Urgent warning over paracetamol as painkiller increases deadly heart attack risk


People with high blood pressure who regularly take paracetamol could be at increased risk of heart disease and strokes, a study suggests.

As a result, researchers say patients who have a long-term prescription for the painkiller, usually used for the treatment of chronic pain, should be given the lowest effective dose for the shortest time possible.

According to the scientists at the University of Edinburgh, it has been assumed that paracetamol was a completely safe drug to use in patients with the condition.

But their findings indicate the effect on blood pressure is similar to non-steroidal anti-inflammatories (NSAIDs), such as ibuprofen, which are known to increase blood pressure and risk of heart disease, and also used to manage chronic pain.

The increase in blood pressure might be expected to increase the risk of heart disease or stroke by around 20%, the experts say.

They suggest the study should lead to a review of long-term paracetamol prescriptions to patients – particularly those with the condition, or those at particular risk of heart disease or stroke.

The findings indicate the effect on blood pressure is similar to non-steroidal anti-inflammatories (NSAIDs), such as ibuprofen

Professor James Dear, personal chairman of clinical pharmacology at the University of Edinburgh, said: “This study clearly shows that paracetamol – the world’s most used drug – increases blood pressure, one of the most important risk factors for heart attacks and strokes.

“Doctors and patients together should consider the risks versus the benefits of long-term prescription paracetamol, especially in patients at risk of cardiovascular disease.”

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He added: “In summary, we’ve shown that two weeks of treatment with paracetamol increases blood pressure in patients who have hypertension (high blood pressure).”

Lead investigator Dr Iain MacIntyre, consultant in clinical pharmacology and nephrology at NHS Lothian, said: “This is not about short-term use of paracetamol for headaches or fever, which is, of course, fine – but it does indicate a newly discovered risk for people who take it regularly over the longer term, usually for chronic pain.”

The study found that after people stopped taking the drug, their blood pressure returned to what it was at the start of the study, suggesting the drug increased it.

Researchers said they did not have accurate numbers of the people in the UK who are on paracetamol long term and have high blood pressure.

But it is estimated that one in three adults in the UK have high blood pressure increasing with age, while one in 10 people in Scotland – where the research was conducted – take paracetamol regularly, a figure that is likely to be similar elsewhere.

In the study, 110 patients with a history of high blood pressure were prescribed 1g of paracetamol four times a day – a dose routinely prescribed for patients with chronic pain – or a placebo for two weeks each.

Researchers found there was a significant increase in the blood pressure of those taking the painkiller, compared with those taking the placebo.

According to the experts, the study was set up to see a very small effect on blood pressure, and they were surprised to see a much bigger impact.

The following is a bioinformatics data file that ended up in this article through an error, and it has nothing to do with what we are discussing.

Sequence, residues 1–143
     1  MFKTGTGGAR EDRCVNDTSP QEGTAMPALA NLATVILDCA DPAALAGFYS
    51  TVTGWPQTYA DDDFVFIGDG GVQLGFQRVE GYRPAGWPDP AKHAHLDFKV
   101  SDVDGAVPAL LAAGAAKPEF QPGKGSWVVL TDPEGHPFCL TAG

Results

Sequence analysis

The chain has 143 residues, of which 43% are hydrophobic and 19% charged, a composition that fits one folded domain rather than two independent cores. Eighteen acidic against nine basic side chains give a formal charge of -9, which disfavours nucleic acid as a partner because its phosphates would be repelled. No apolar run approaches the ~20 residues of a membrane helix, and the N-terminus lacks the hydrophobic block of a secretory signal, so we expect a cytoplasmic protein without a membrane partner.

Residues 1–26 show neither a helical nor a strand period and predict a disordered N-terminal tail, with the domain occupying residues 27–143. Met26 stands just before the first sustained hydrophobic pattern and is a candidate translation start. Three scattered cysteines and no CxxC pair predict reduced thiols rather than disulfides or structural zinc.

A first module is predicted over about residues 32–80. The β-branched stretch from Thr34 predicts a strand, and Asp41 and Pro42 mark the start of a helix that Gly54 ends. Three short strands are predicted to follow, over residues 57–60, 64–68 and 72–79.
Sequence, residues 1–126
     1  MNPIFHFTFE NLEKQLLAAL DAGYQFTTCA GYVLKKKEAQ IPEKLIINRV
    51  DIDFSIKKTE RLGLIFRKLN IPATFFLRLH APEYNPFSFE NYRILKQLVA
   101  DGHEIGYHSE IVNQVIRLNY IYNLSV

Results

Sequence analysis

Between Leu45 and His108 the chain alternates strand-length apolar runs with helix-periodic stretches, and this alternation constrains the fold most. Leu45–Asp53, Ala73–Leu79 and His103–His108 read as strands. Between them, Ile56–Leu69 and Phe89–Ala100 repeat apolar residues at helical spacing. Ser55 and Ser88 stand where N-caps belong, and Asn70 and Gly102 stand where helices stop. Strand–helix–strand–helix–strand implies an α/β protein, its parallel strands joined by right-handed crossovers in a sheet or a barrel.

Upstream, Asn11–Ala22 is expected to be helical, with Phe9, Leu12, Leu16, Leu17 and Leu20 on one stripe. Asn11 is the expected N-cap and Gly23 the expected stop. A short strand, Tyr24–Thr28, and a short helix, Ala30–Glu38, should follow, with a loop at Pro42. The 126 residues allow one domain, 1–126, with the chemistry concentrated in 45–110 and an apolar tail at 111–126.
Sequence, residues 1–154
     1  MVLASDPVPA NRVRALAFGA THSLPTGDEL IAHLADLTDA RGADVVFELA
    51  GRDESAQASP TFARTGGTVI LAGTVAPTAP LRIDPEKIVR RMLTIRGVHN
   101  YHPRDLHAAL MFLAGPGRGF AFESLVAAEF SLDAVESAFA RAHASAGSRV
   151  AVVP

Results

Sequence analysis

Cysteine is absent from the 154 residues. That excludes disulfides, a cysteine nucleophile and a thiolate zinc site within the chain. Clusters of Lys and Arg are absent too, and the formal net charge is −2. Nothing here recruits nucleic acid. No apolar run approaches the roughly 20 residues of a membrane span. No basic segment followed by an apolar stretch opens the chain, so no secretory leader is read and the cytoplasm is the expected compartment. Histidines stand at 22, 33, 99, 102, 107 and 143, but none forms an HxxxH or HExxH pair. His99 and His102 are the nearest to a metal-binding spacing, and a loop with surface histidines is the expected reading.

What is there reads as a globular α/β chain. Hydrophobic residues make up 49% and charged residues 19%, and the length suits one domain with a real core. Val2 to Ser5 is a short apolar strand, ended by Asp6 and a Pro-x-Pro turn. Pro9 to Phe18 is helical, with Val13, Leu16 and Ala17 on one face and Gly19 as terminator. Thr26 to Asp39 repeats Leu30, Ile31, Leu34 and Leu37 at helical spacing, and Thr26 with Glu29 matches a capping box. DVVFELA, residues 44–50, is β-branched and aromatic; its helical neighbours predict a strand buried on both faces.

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Professor Dear suggested the research indicates the findings could affect a large number of people.

The scientists highlight that a limitation of their study was that it did not look at patients who have chronic pain.

But there is no reason to think that patients who are taking paracetamol for the treatment of pain would have a different blood pressure response to the patients in the study, they say.

Professor Sir Nilesh Samani, medical director at the British Heart Foundation, which funded the study, said: “This research shows how quickly regular use of paracetamol can increase blood pressure in people with hypertension who are already at increased risk of heart attacks and strokes.

“It emphasizes why doctors and patients should regularly review whether there is an ongoing need to take any medication, even something that may seem relatively harmless like paracetamol, and always weigh up the benefits and risks.”

Dr Richard Francis, head of research at the Stroke Association, said: “High blood pressure is the single biggest risk factor for stroke.

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“This new and robust study adds to previous research and suggests regular paracetamol causes blood pressure to quickly increase in people who are already at risk of stroke and heart attacks.

“It’s therefore important that doctors regularly review and weigh up the risks and benefits of prescribing paracetamol.”

Dr Benjamin Ellis, consultant rheumatologist at charity Versus Arthritis, said many people with arthritis and musculoskeletal conditions use paracetamol, or medicines containing paracetamol, to help manage their pain.

He added: “The research demonstrates the need to develop safer medicines to treat pain. It also emphasizes the importance of health services providing more and better options to managing pain other than medicines.

“This includes ensuring that people are supported to be physically active, receive any mental health support they need, and working with charities like Versus Arthritis to provide peer support.

“If you are concerned about the risks from pain medicines you should speak with a healthcare professional to explore your options.”

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George Holan

George Holan is chief editor at Plainsmen Post and has articles published in many notable publications in the last decade.

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